The jab has been shown in studies to be 95% effective and works in all age groups.
The Joint Committee on Vaccination and Immunisation (JCVI), which advises ministers, said vaccines should first be offered to elderly people in care homes and care home workers.
Next on the priority list are those aged 80 and above and frontline health workers.
All those aged 75 and over should be vaccinated next, followed by those 70 and over and clinically “extremely vulnerable” individuals, it said.
People aged 65 and over are next in line, alongside anyone aged 16 to 64 who has underlying health conditions which put them at a “higher risk of serious disease and mortality”.
Those aged 60 and over will be vaccinated next, followed by those aged 55 and over, and then those aged 50 and over.
No decisions have yet been made on priorities for under-50s.
The UK has ordered 40 million doses of the Pfizer vaccine, enough to vaccinate 20 million people with two doses, given 21 days apart.
Health Secretary Matt Hancock said 800,000 doses of the jab will arrive next week.
He said millions more doses were due in the coming weeks.
Studies on the vaccine show it has to be stored at minus 70C but is also stable at 2C to 8C for a short time, meaning it could possibly be sent to different locations.
But it is thought operational reasons may prevent care home residents getting the jab first.
Care England, a leading care provider membership group, said it had received no clear communications from the Government.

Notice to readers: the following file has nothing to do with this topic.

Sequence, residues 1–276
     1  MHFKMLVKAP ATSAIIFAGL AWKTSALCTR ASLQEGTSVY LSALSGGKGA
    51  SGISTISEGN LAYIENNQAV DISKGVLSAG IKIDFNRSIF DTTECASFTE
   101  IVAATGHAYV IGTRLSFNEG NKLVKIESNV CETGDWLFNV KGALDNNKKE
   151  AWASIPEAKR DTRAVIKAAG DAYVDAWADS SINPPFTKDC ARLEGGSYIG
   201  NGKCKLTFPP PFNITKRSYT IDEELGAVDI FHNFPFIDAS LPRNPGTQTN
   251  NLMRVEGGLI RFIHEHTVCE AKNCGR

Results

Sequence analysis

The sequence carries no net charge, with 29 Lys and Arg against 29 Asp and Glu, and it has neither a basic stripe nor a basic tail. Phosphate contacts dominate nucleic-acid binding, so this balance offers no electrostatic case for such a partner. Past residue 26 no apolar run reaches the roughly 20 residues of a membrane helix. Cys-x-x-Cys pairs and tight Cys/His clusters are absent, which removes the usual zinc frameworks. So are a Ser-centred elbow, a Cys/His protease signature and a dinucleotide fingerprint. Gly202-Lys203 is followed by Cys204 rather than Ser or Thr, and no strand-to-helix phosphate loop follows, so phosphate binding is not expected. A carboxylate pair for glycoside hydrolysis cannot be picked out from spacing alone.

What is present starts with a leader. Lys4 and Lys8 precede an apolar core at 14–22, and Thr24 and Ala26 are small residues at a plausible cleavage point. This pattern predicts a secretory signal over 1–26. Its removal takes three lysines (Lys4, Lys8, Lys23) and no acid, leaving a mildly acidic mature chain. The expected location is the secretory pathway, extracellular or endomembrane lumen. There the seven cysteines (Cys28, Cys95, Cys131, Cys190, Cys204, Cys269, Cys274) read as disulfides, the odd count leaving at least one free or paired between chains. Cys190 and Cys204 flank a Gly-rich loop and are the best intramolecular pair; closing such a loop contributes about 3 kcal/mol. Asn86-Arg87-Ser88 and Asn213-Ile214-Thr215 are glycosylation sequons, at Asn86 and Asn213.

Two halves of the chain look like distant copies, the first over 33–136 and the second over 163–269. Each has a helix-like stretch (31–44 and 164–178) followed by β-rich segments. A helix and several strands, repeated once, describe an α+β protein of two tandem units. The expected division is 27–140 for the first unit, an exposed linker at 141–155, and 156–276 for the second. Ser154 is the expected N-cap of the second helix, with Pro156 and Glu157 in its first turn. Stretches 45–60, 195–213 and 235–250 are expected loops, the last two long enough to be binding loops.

It believes it is unlikely the Pfizer/BioNTech vaccine, approved today by the Medicines and Healthcare products Regulatory Agency (MHRA), will be available in care homes next week.
Professor Martin Green, Care England chief executive, said: “I think it will be difficult for the Pfizer/BioNTech vaccine to be used in care homes because of the difficulty of storage and the low temperatures required.
“In light of this, we need the Oxford vaccine to be approved as soon as possible and a vaccination programme put in place so that care home residents can be protected from Covid-19.”
The Department of Health has been contacted for comment.
Prime Minister Boris Johnson said the announcement was “fantastic” news, tweeting: “It’s the protection of vaccines that will ultimately allow us to reclaim our lives and get the economy moving again.”
A Department of Health and Social Care spokesman said the Medicines and Healthcare products Regulatory Agency (MHRA) had approved the jab after “months of rigorous clinical trials and a thorough analysis of the data by experts” from the regulator.
He said they have concluded that the vaccine has “met its strict standards of safety, quality and effectiveness”.
Health secretary Matt Hancock confirmed vaccinations will start with the most elderly, people in care homes and their carers, with NHS staff and the clinically extremely vulnerable also high on the list.
Dr June Raine, head of the regulator which approved the Pfizer and BioNTech vaccine, said “no corners have been cut” in assessing its safety.